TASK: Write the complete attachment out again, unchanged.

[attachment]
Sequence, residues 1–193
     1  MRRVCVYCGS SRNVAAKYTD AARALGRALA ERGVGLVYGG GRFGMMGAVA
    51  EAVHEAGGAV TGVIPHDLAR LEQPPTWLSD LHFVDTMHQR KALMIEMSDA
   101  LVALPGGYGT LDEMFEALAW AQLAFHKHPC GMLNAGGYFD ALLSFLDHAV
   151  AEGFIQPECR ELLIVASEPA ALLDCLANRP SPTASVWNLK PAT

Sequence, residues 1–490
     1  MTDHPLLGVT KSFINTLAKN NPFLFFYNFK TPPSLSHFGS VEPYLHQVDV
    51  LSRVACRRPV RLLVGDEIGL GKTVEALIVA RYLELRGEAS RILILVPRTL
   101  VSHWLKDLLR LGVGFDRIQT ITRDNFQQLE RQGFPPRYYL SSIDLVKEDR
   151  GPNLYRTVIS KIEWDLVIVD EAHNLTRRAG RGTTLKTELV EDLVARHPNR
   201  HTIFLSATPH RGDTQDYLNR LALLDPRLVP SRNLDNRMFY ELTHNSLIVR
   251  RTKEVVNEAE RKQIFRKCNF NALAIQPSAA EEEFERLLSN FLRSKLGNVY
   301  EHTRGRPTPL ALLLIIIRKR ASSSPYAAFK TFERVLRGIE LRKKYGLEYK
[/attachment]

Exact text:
Sequence, residues 1–193
     1  MRRVCVYCGS SRNVAAKYTD AARALGRALA ERGVGLVYGG GRFGMMGAVA
    51  EAVHEAGGAV TGVIPHDLAR LEQPPTWLSD LHFVDTMHQR KALMIEMSDA
   101  LVALPGGYGT LDEMFEALAW AQLAFHKHPC GMLNAGGYFD ALLSFLDHAV
   151  AEGFIQPECR ELLIVASEPA ALLDCLANRP SPTASVWNLK PAT

Sequence, residues 1–490
     1  MTDHPLLGVT KSFINTLAKN NPFLFFYNFK TPPSLSHFGS VEPYLHQVDV
    51  LSRVACRRPV RLLVGDEIGL GKTVEALIVA RYLELRGEAS RILILVPRTL
   101  VSHWLKDLLR LGVGFDRIQT ITRDNFQQLE RQGFPPRYYL SSIDLVKEDR
   151  GPNLYRTVIS KIEWDLVIVD EAHNLTRRAG RGTTLKTELV EDLVARHPNR
   201  HTIFLSATPH RGDTQDYLNR LALLDPRLVP SRNLDNRMFY ELTHNSLIVR
   251  RTKEVVNEAE RKQIFRKCNF NALAIQPSAA EEEFERLLSN FLRSKLGNVY
   301  EHTRGRPTPL ALLLIIIRKR ASSSPYAAFK TFERVLRGIE LRKKYGLEYK